First, although this use of the SCAN:3-A is interesting and apparently successful, the test has not been standardized for use in pre-employment placement decisions. Interestingly, the author of SCAN-3 tests, Dr. Robert Keith, proposed such use to the military some years ago. Second, there is a known factor that is well documented in the literature of the relationship between the person’s native language and performance on all tests of auditory processing. Typically persons for whom English is a second language will do less well than native speakers of English. Third and finally, the normative data base indicates that there is no gender bias in test results.
Manuals, Record Forms, & Manipulatives
On the Audio CD, The Filtered Words (FW) subtest sounds quiet. Is there a problem with the CD?
No. After verification of the standardization CD, the gold master CD that was sent to replication, and the current inventory, the CD recordings all match the sound levels upon which the SCAN-3 was standardized. After a thorough review of the conditions for standardization, the norms match the current CD output. The test appears to have less volume because the low pass filtering eliminates high frequency sounds of speech that we are used to hearing, and the overall acoustic energy is reduced.
Why does the FW test appear to be so quiet?
In the development of the SCAN-3, the FW subtest was made more difficult by design; the conditions of the task were changed from the previous edition to increase the precision and achieve better discrimination and a reduced false positive rate. Even though fewer children fail the FW test, it is included to identify those few who have a problem with degraded speech of this type. The test has been used throughout the history of auditory processing assessment, and contributes to the SCAN-3 composite score.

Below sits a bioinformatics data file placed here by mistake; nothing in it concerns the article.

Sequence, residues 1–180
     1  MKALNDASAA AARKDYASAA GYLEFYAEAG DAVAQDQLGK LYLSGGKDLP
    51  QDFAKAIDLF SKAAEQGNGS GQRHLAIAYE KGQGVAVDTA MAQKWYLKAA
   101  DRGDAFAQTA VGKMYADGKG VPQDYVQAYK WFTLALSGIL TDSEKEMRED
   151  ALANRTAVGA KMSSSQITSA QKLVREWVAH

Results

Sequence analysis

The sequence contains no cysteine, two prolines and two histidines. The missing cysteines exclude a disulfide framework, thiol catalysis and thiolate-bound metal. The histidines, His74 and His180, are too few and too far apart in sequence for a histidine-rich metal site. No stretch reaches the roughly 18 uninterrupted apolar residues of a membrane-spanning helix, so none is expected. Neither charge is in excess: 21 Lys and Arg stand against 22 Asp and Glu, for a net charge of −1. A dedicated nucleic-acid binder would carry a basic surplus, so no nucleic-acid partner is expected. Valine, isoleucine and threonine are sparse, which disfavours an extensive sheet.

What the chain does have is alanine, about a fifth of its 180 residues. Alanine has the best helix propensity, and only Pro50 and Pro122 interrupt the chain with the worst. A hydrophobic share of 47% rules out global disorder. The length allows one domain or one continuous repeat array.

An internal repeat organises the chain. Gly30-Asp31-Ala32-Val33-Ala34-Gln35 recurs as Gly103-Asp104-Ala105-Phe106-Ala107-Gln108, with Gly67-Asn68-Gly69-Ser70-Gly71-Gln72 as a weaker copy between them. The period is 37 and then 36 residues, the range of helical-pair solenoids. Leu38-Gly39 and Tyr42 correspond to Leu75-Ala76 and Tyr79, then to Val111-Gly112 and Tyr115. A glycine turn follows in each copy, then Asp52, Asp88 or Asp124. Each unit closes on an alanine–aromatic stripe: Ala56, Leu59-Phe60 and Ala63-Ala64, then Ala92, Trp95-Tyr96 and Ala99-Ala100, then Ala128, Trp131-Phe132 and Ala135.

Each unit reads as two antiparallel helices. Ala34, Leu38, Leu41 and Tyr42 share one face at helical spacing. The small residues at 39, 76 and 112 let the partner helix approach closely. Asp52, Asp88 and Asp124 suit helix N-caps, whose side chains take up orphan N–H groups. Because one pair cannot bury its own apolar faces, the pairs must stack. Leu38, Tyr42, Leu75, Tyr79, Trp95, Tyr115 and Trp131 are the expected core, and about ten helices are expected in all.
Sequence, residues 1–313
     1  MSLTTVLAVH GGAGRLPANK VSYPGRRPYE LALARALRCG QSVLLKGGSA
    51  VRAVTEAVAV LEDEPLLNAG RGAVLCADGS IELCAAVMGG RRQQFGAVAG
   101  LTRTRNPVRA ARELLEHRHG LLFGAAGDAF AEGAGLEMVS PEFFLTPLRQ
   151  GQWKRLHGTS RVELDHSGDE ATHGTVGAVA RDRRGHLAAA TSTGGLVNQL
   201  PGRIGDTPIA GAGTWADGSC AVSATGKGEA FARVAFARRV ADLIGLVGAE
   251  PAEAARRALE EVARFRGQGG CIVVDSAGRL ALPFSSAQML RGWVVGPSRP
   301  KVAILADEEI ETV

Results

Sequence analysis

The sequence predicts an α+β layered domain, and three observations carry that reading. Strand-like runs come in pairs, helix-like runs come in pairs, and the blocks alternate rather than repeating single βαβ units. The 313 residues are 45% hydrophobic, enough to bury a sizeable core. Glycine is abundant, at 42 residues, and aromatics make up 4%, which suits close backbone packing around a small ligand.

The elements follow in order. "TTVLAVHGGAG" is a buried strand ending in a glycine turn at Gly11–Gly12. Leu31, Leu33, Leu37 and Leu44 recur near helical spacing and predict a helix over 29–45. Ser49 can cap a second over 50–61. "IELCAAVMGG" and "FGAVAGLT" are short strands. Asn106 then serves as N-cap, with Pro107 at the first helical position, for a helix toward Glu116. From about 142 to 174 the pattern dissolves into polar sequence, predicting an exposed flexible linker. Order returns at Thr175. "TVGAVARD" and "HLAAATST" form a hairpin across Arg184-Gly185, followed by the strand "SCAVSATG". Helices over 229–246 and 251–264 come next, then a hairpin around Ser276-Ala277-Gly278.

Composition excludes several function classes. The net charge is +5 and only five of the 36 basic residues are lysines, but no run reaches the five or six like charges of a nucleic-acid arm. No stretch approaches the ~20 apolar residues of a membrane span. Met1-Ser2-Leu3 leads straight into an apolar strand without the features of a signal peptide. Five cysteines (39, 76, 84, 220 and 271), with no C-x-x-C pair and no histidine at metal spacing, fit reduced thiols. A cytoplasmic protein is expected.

The dB level of the stimuli in the Filtered Words subtest sounds noticeably "quieter" than the other subtests.
Dr. Bill Carver, PhD, FASHA, FAAA from Auditec, Inc. completed the stimulus CD development in partnership with Pearson during the development process. He writes:
This is a situation that occurs when you filter out some of the spectrum. The question for the recordist/post-production professional is, "How do I level this?" I begin with the unaltered signal and level it to 0 dB VU, then filter it and forget about re-leveling. Why? Because when one sets level for each word, then filters, what-do-you-know, the words are no longer reaching 0 db VU but, in addition, are no longer similar to each other, i.e., they are no longer uniformly at the same level as observed on the VU meter. In addition, the loudness (our perception) does not seem to be reduced significantly. VU meters were designed to reflect how we perceive loudness, but they are not real ears. The ballistics (damping) of the meter is specified by the NAB. VU meters are completely different from peak meters and RMS meters--they are heavily damped. However when part of the spectrum is removed, VU meters do not tell the same story. Loudness does not necessarily diminish especially when it's the higher frequencies that are removed (by filtering). The low frequency power is still there!
What settings should be used to be sure that the person being tested can hear the stimuli well?